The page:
Hot off the release of their debut album, You Will Land With A Thud, Cape Breton, Nova Scotia nine-piece band Tom Fun Orchestra stormed their way into Toronto, playing a show for Canadian Music Week at the Dakota Tavern. Amidst all the alcohol, snowstorms, and old west imagery, I manage to find time to sit down with lead singer and guitarist Ian MacDougall for a chat.
How long has the band been together?
Ian: About three years.
Was it always the size it is now?
It started big, and then it got smaller, bigger, smaller – as small as five and as big as thirteen or fourteen.
Was the intention all along to create a big sound?
I guess, yeah. It was…to put on a spectacle. It wasn’t supposed to be a long term project; just a one-off let’s put on a show’ with a bunch of unusual instrument arrangements.
I noticed on stage that it almost looks better when there’s less room for you guys. There always seems to be something happening.
Yeah, there’s a lot of bumping into each other.
Do you find as you tour around you get a lot of that, where there’s a small stage to fit all of you?
That one’s pretty small out there, but we’ve played on smaller.
What would you main influence be as a group?
All kinds, all over the place. There’s a guy named John MacQueen that most people haven’t heard of, he’s got an EP out….but it’s all over the map.
The first thing I heard when I listened to your music, and it’s partly because of your voice, is the resemblance to Tom Waits. I’m sure lots of people pick up on that. Is that a conscious thing or is something that just happened?
It’s how I learned to sing. It’s just something that works…something that appeals to me.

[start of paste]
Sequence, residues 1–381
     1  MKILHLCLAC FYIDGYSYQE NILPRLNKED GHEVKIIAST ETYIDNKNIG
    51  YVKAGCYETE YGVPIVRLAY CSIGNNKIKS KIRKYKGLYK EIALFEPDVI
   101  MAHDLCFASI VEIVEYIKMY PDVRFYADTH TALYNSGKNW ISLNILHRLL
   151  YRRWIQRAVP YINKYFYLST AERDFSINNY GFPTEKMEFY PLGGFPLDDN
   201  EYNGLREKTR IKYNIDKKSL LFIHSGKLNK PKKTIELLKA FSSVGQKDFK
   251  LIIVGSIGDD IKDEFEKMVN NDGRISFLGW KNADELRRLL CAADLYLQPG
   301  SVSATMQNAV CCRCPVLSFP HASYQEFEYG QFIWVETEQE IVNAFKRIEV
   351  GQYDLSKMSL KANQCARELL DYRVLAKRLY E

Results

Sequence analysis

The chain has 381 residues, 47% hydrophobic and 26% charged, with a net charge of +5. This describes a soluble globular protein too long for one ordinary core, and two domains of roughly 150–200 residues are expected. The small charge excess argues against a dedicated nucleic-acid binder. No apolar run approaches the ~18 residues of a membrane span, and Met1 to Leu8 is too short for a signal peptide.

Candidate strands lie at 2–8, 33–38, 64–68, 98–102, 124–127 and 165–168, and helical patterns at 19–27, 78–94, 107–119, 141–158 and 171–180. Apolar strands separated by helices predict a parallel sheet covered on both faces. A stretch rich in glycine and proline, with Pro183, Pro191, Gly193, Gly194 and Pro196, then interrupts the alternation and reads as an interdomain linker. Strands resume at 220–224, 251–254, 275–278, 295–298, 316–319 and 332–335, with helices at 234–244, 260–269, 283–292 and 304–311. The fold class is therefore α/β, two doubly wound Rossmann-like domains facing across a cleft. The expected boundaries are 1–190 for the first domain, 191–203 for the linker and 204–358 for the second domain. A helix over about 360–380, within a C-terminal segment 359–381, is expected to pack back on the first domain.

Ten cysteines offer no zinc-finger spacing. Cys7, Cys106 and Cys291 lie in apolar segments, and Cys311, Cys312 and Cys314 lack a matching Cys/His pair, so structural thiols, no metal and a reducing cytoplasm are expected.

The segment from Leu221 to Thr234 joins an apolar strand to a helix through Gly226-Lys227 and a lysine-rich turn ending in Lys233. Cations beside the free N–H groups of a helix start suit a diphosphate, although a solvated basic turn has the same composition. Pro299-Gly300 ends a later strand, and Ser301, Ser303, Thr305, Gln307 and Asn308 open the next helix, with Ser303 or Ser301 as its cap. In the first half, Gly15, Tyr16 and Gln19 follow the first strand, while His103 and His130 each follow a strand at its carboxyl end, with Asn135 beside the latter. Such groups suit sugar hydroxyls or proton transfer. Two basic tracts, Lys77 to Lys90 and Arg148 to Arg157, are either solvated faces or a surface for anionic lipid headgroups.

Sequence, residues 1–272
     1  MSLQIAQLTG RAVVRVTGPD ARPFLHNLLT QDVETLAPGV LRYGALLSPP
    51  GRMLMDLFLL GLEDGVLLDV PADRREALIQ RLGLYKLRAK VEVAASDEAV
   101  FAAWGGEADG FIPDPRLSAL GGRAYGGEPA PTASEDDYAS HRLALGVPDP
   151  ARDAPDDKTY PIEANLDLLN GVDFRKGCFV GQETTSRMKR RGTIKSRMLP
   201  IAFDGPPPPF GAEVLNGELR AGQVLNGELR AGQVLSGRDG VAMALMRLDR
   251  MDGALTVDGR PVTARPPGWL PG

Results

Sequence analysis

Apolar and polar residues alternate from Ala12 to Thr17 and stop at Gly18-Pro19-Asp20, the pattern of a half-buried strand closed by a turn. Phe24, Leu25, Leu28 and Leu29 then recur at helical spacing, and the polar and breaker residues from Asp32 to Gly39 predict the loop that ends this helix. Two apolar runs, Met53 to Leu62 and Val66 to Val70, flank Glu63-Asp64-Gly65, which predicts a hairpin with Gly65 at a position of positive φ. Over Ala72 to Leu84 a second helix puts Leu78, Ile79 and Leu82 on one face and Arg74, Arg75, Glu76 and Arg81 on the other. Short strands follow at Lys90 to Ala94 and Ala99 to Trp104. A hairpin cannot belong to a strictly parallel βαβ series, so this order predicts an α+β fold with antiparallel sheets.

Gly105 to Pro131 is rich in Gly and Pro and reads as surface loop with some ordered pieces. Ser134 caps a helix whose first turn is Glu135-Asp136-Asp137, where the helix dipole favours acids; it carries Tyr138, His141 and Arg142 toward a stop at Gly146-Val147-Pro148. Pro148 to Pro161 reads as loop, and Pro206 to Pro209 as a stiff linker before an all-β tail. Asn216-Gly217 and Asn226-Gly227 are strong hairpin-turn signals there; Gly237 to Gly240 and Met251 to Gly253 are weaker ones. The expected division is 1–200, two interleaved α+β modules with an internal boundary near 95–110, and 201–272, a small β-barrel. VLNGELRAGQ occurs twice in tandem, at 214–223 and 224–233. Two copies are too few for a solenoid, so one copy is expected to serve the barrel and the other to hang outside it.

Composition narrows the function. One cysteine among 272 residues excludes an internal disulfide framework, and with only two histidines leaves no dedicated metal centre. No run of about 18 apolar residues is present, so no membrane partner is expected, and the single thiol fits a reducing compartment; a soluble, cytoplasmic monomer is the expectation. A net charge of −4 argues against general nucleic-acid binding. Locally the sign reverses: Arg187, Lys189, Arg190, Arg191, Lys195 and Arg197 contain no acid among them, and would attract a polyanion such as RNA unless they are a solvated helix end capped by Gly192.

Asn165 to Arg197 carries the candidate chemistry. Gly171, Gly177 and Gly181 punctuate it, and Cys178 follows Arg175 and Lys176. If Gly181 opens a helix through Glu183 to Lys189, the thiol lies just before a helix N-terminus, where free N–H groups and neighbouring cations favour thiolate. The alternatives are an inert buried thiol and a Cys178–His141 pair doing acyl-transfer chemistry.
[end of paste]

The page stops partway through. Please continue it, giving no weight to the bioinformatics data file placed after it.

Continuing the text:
Is this your first time in Toronto?
No, we were here last year for Canadian Music Week. And we did a tour on a blue school bus a couple of summers ago. There were like 20 of us from three bands.
How does touring work out for you as such a big band?
It’s kind of ridiculous, but we’ve worked out a system. We have to be organized, but having such a big band makes it easier because everyone has a task that they have to take care of.
In Toronto, we’ve seen a large band mentality in the indie scene, with groups like Broken Social Scene. Is there the same mentality in Cape Breton, or are smaller groups the standard?
I think in Cape Breton, and in the east coast in general, there’s just sort of a tradition of playing music. Most people associate it with Celtic music and traditional music. It’s just that everybody plays music so everybody is sort of a multi-instrumentalist. It wasn’t really the idea to start this big band thing, it was just I wanted to do something with unique arrangements.
If you had to add one more instrument to the band, what would it be?
Oh, that’s a tough one; maybe a hurdy-gurdy would be interesting. [laughs] That’s my answer.
I noticed that the crowd really got into the music, and with the tempo and style you play, it’s pretty hard not to dance around. What has been the general audience reaction to your music?
People just, you know, like us all over the place. I was expecting, because we come from a punk rock and indie rock background – a bunch of the guys in the band played in punk bands before this one – so we were just kind of surprised at the variety of people that started to pick up on it. I’ve seen seventy-year-old ladies at the shows, and metalheads, and shit like that.
What is one album you couldn’t live without?
That’s a tough one…I’d say John MacQueen’s EP which doesn’t have a title.
Thanks for your time and congratulations on a great show and album.
You can buy Tom Fun Orchestra’s album Tom Fun Orchestra’s album You Will Land With A Thud from their website, here